Then stick the whole shebang in the oven and bake it for 15 minutes or until slightly browned and set. Now, my bars weren’t set at 15 minutes, it took another 3 minutes in the oven. Pro (HA HA HA) tip: if the filling is still jiggly, give it a few more minutes.


Perhaps a little more brown around the edge than it should be? But still, they turned out really really good. Fred and I each had a small piece once the bars were cool and they were SO GOOD. They were even better the next day – I’m not sure if that’s because sitting made the flavors blend better or just because we were hungrier the next day.


The verdict? These were oh so good. Perfectly lemony, but not overwhelmingly so. I am definitely going to make these again and I think you should too!



Nance’s side:

It was my turn to pick the recipe and, once again, I went for The Fattening. Y’all (yunz – shout out Western Pa!) should just get used to it.  I’m sure that Robyn will take care of all that healthy stuff.  Something tells me that I’m going to see zucchini and okra in my future.  Barf.

I thought the Lemon bars would be good because Holy Two Sticks of Butter Batman! I have never had lemon bars, but rumor has it that it’s pretty popular in the south (per the husband). I figure I like butter and I like lemonade. How bad can it be, right? And I noticed that the ingredient list wasn’t full of freaky stuff that I didn’t recognize.  Plus, I have tried a few other recipes in Christy’s cookbook and they all turned out excellent.  Can you see where this is going?  Oh, just wait.  It’s going to get ugly up in here.

It cracks my shit up that Robyn and I both took a picture of the butter.  Please note that the placement of my butter was well thought out (unlike someone who just chunked it down on their counter and snapped away, ahem).  Yes, I had to open up a new package of butter and that’s why they don’t look the same.  I’m wishing now that I had taken the extra time to do that.  And if you believe that shit I have some beautiful lemon bars for you to try.

Since Robyn and I are both doing the same recipe (and reviewing it) I follow the directions exactly.  I even busted out the SIFTER for this bitch because Christy said that’s what I was supposed to do and I did it.  Oh look!  Canisters that don’t have masking tape labels.  I guess I’m just not as cool as Robyn.  And I don’t see anything about where Robyn SIFTED her stuff.  Maybe she couldn’t be bothered, hmm?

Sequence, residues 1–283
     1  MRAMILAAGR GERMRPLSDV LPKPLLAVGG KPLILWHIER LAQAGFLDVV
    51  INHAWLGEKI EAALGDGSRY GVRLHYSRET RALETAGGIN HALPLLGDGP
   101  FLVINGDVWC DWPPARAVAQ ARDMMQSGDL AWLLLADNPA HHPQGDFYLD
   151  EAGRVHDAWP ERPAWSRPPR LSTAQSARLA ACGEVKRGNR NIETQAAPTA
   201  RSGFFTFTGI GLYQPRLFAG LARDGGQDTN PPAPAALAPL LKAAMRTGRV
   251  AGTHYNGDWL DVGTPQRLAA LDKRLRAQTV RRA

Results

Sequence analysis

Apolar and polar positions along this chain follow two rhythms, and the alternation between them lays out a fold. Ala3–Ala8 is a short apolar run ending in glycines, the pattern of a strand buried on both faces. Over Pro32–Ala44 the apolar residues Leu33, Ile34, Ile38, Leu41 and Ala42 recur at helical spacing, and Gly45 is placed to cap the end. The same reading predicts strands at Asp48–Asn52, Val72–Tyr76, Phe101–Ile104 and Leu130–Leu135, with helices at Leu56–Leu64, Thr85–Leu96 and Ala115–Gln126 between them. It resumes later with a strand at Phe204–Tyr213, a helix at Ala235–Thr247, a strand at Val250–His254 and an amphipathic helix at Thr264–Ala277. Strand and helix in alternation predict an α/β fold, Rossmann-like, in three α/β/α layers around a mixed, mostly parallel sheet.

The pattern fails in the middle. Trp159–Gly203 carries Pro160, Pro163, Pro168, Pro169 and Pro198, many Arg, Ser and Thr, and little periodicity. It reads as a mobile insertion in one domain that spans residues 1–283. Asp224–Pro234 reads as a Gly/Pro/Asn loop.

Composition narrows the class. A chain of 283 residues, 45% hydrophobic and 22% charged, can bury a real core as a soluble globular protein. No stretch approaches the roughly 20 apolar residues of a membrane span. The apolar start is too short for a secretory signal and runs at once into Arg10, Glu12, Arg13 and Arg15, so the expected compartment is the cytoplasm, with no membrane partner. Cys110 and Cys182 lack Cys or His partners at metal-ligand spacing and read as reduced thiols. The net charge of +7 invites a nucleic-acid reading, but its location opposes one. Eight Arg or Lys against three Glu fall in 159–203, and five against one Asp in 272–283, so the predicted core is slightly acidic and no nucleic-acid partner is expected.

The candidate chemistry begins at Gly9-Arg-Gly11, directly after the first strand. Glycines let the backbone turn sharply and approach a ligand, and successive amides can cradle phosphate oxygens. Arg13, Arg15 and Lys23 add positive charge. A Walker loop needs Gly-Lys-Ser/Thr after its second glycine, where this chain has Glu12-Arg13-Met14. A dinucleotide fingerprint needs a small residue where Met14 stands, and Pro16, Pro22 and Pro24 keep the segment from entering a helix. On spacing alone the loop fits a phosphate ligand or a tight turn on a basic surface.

I cut the butter into the flour until I couldn’t stand it anymore. And this is what it looked like when I got ready to press it into the pan. You like that purple casserole dish? Get used to it because I use that thing a lot.

Me and my man hands pressing that mess into the pan. I thought about making it pretty and then I woke the fuck up and realized that there is no hope.  And no, I didn’t grease my pan because hello, two sticks of butter!

Even Felina (the ridiculous chihuahua) was concerned about how this situation was going to turn out.

It didn’t turn out bad at all. I took this picture so everyone could see what “lightly browned” meant. Or at least my version of it anyway.

This is where I think the situation took a serious turn for the worse. I had Rick beat the eggs and he went to town. And I let him because I was having fun snapping pictures of that it.

See, action shots! What? We were bored.

I even sifted the flour and baking powder. I did what I was supposed to do, dammit! If this was Robyn she would have typed damnit because she’s so perfect.

And yeah, we were really into catching it while it was happening.  Get a life, Nance & Rick!

Looks good, no?

Set the timer. Did everything just like the book said. And guess how it turned out. Well, let me show you…

How do you say FAIL?

I managed to get 3 pieces out and on a plate (dug from the center, gah!) and the shit was oozing everywhere.

I was thoroughly disgusted and as I was walking out the door to go grocery shopping my mother asked me what she should do with them. “Throw them in the garbage for chrissakes!”

And then I went to the store and saw this. How rude!

I am still trying to figure out where I went wrong. And no, there isn’t anything wrong with our stove. The only thing I could come up with is the over-beating (whisking, whee!) of the eggs. If anybody has a clue, feel free to let me know in the comment section. For once, this bitch needs to buy her own vowel. Sigh.

PS:  Even though I screwed it up (oh, trust me, I know it was something I did) I would definitely recommend this recipe based on how Robyn’s turned out.  I’m going to have to try this again (once y’all tell me where I messed up).

Robyn & Nance try the same recipe - Lemon Bars
Prep time
Cook time
Total time
Original Source/Author:
: Dessert, Snack
Serves: 12
  • CRUST:
  • 2 c. all-purpose flour
  • ½ c confectioner's sugar
  • 1 c. (2 sticks) butter or margarine, softened
  • 4 eggs, beaten
  • 2 c. granulated sugar
  • ⅓ c. lemon juice
  • ½ c. all-purpose flour
  • ½ tsp baking powder
  • ¼ c. confectioner's sugar
  1. Preheat the oven to 350ºF.
  2. Sift together the flour and confectioner's sugar into a large bowl. Cut in the butter until the mixture sticks together.
  3. Press into a 9x13-inch dish. Bake for 25 minutes, or until lightly browned. Remove from the oven to cool (leave the oven on.)
  5. While the crust is cooling (DON'T FORGET TO LET THE CRUST COOL), make the filling. In a large bowl, combine the beaten eggs, granulated sugar, and lemon juice.
  6. In a separate bowl, sift the flour and baking powder; stir into the egg mixture.
  7. Pour over the (COOLED) baked crust and bake for 15 minutes or until slightly browned and set. Remove from the oven, cool, and sprinkle with confectioner's sugar. Cut into bars.
Did I mention that you're supposed to let the crust cool before you add the filling? DO IT.